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Subject: Re: Roman Genocide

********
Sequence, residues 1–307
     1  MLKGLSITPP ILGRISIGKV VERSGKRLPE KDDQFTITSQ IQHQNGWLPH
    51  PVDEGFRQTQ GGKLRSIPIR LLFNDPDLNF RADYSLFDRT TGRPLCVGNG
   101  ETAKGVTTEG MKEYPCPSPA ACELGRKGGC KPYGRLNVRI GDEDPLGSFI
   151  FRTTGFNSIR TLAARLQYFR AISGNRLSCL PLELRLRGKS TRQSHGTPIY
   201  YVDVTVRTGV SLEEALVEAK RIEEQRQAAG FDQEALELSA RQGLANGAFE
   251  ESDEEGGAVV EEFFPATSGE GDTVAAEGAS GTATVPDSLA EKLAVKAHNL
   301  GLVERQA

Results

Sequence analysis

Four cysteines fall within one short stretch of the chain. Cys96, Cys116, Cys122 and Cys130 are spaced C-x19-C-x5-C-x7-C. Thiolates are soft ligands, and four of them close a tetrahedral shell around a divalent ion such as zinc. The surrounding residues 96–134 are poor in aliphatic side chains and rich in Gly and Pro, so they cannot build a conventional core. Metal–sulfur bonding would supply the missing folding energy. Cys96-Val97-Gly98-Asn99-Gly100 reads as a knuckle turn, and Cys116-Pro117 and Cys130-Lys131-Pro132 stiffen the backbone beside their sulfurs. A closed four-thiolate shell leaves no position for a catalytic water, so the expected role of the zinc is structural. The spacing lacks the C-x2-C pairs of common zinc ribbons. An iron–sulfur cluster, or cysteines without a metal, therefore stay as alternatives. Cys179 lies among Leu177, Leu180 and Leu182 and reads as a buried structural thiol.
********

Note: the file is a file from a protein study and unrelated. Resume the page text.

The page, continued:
Ok, I'll take the soapbox briefly myself:   | Stepping on a pseudo-revolutionary soapbox for a moment, the "Roman" genocide | of the Irish looks like normal political expansion to me. Not to say that it     Of sorts. Only some cultures have the predisposition to large-scale military conquest and brutality.   | isn't wrong and tragic. A dominant culture either assimilates or destroys that | which it fears. It's still going on, from Sarajevo to Vanilla Ice. The main     Only some cultures have the predisposition to be dominating in this way. It has much more to do with conflicts of interests and latent militant tendencies than "fear".   One mustn't idly use the example of Sarajevo, since this mess is the result of dominant powers (ie, the West) arbitrarily splitting up ethnic groupings in WW II without the consideration of those involved.   | "crime" of the Irish is that they never got the chance to be dominant.     What do you mean? They were dominant in Ireland for a hell of a long time. Their broad culture, Celtic, was dominant throughout the islands as well as the continent. But while it had "raids" and looting ('Ta\in's) as dominant activities, imperialist expansion was simply not part of its ideology. It was not a large-scale, centralist culture, such as Roman or Anglo-Norman.   | Honestly, if they were given that chance, I'd bet we could read about a long | and bloody history of the Irish persecuting the English and whomever else was | within reach.     Quite the contrary. This is my point. You are projecting your own culture and history onto people for whom these concepts are alien, imported by their current oppressors.   | In fact, didn't I read something about the Tuatha De Dannan | kicking out some race that was already in Ireland when they came?     In _mythology_, the Tuatha gained control over Ireland, and in their turn "split" Ireland between themselves and the Milesians. Don't get your history and mythology confused.   | Ultimately, we have to reach further than common racial ancestry to bring | peace to Northern Ireland and the rest of the world. It all sounds like | cliches by now, but we've got to rely on our common human ancestry to get past | our diversities of color, class, and creed.     Cliche, yes, absolutely, and oversimplified in misunderstanding the nature of conflict.   Respecting our common humanity would mean allowing other cultures and societies to exist in their own way in their own lands. This is anethema to technocratic-industrial society, which is fueled by expansion, growth, opening "new markets", gaining control over other people's resources and protecting its' "way of life" (as Bush admitted during the Gulf War).   Our diversities of colour, class and creed are what make us human, rather than being identically moulded widgets from an assembly line, which is what modern industrial society would rather have us be, for maximising consumption of standardised products and for making us interchangable cogs in its' machine.   If we all have so much in common, why is it so necessary for major Western powers to have *their* own language, culture, and ideology dominant over everybody else's, to the exclusion of everyone elses?